So even if demand from aquaculture were reduced or eliminated, we could still have comparable numbers of feed fish slaughtered and sold for these low value purposes.

The omega-3 fatty acids (EPA and DHA) in salmon may already be declining.

This study of farmed Scottish Atlantic salmon already shows a decline in EPA and DHA presumably because of a decrease in fish oil in their feed:

Microalgae and genetically modified plants could serve as alternatives.

This paper, under the section "Future sources of EPA and DHA," considers some alternatives to fish oil.

Microalgae oil containing EPA and DHA is available today and mostly used in human nutritional supplements, but is currently expensive to produce.

Genetically modified plants with genes from microalgae to produce EPA and DHA are currently being investigated and may be promising as alternatives. It seems though that genetically modified feed is not typically used in aquaculture and that introducing it could create consumer acceptance and regulatory problems.

The company Verlasso previously marketed salmon fed with genetically modified yeast containing omega-3s as sustainable. More recently, Verlasso has been using algae with omega-3s instead, perhaps to increase consumer acceptance.

Although there are potential benefits for animal welfare, there are some potential downsides. If the aquaculture industry finds suitable alternatives to fish oil, this may (a) reduce a constraint on aquaculture production and (b) permit one of the primary health benefits of fish (the EPA and DHA) to persist, increasing consumer demand for fish.

Some useful sources.

  • NOAA has an informative FAQ on aquaculture feed.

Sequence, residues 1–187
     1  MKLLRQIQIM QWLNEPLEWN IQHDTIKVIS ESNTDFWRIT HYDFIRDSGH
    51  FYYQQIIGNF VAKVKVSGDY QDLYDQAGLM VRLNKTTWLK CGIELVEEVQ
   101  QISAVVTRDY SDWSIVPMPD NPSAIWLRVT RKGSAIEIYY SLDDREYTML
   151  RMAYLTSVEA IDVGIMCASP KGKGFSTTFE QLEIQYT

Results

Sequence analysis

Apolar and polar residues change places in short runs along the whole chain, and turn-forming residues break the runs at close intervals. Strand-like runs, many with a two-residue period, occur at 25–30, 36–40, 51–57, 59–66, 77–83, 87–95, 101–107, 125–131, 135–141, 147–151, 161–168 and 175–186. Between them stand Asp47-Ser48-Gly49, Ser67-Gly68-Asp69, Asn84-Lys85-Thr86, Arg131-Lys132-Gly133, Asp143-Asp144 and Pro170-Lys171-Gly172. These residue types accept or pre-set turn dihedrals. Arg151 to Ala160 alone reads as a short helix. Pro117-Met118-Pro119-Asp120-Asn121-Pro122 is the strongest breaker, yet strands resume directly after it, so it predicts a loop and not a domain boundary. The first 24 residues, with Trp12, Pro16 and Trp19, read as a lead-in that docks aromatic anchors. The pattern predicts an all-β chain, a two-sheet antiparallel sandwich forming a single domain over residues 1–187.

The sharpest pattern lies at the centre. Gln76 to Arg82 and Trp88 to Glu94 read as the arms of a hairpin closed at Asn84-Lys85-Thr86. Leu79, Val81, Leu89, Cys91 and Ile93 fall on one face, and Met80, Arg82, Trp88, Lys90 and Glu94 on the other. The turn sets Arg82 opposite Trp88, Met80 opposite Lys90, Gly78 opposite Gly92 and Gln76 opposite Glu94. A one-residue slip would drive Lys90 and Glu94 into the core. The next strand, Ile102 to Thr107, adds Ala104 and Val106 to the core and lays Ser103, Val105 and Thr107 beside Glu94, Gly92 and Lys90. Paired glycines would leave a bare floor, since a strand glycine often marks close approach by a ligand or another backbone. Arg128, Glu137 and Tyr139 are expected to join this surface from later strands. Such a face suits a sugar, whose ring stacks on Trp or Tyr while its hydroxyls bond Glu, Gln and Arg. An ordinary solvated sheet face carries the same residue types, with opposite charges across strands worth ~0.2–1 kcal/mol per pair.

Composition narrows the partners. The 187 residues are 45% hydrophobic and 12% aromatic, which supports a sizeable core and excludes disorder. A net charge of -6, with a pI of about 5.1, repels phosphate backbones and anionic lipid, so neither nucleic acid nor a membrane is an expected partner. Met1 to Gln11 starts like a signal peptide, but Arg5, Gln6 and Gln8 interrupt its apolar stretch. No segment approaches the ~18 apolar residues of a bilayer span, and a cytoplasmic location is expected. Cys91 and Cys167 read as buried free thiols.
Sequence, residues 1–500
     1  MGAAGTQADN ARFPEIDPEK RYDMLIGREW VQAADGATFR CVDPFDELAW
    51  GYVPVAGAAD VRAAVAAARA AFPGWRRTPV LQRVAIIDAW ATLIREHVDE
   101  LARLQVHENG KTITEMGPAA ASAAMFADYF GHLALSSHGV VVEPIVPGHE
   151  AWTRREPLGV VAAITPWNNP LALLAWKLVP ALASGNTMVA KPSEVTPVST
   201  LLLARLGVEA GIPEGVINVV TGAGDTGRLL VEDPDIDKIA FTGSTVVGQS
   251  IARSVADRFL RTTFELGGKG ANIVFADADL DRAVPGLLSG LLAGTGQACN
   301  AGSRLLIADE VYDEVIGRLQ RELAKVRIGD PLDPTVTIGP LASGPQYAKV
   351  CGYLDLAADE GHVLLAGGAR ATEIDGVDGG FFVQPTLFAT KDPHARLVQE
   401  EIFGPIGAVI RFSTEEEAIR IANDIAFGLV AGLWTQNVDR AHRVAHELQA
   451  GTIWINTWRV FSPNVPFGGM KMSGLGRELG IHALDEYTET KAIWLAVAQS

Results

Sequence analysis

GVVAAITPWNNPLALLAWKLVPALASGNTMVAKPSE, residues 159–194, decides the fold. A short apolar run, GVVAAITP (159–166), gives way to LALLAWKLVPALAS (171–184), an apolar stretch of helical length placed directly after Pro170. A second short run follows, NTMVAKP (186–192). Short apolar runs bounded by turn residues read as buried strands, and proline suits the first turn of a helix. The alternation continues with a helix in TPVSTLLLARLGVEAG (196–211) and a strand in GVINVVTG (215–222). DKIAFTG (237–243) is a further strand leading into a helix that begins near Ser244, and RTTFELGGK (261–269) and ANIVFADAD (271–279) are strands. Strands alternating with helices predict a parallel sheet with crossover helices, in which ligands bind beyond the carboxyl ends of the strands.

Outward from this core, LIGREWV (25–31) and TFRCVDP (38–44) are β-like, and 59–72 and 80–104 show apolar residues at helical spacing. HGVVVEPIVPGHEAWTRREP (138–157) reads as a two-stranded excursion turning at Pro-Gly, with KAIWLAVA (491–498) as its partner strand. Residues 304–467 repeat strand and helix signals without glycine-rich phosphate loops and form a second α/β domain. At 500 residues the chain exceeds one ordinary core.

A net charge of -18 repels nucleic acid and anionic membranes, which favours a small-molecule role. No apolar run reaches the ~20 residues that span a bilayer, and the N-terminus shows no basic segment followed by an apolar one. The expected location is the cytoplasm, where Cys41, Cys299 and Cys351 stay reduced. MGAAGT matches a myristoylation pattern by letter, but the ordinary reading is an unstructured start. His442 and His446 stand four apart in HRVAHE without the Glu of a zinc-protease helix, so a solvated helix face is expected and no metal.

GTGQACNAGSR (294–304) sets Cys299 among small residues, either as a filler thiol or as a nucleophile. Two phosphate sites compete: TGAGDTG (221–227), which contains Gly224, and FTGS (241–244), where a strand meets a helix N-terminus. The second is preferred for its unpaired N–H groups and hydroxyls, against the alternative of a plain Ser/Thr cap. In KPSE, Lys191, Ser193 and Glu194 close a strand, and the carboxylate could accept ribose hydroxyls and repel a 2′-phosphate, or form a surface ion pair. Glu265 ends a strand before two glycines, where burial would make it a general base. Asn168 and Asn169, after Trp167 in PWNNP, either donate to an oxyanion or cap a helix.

• This presentation has lots of informative graphs on production and demand of fish oil and fishmeal.
  • This IFFO paper has some useful information and graphs on production and demand of fish oil and fishmeal.
  • Charity Entrepreneurship has an informative report on feed fish, mostly focusing on fishmeal.





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Thank you for compiling information on fish oil used in fish feed. As part of the research at Charity Entrepreneurship, I recently published a report exploring fish feed optimization as a potential intervention. We had mostly focused on fishmeal, so you might be interested in complementary research. A lot of crucial considerations that we've explored are also applicable to fish oil. You can find the whole report here.

Thanks for the feedback! Yes, I agree that many of the considerations for fishmeal and fish oil are similar. I originally wrote this post a long time ago which is why I did not reference your report in it, but I've now included it under "Some useful sources."

A few comments on your report:

  • Your report says: "These days, any of the fish that are farmed more intensively around the world are carnivorous ... " This was confusing on a first read, but I assume that was a typo and you meant many? As far as I know, the vast majority of farmed fish are omnivorous or herbivorous.
  • I don't think it's correct to say that the fishmeal industry is on the decline. This World Bank report projects low growth through 2030. The current numbers are very high as well. Amongst vertebrates used by humans, feed fish are near the top in number of individuals.
  • You mention cultured meat as a possibility. A major obstacle to the competitiveness of cultured meat is the need for very low-cost culture media. See Open Phil's report. To me it seems the approach of growing proteins and fatty acids in yeast, plants, etc. is likely to be relatively more feasible. As you note, companies are working on this already.
  • As of last month, fishmeal prices seem to be far more expensive than the number you mention, at $1470 per metric ton. Soybean meal prices have increased too though, at $353 per metric ton.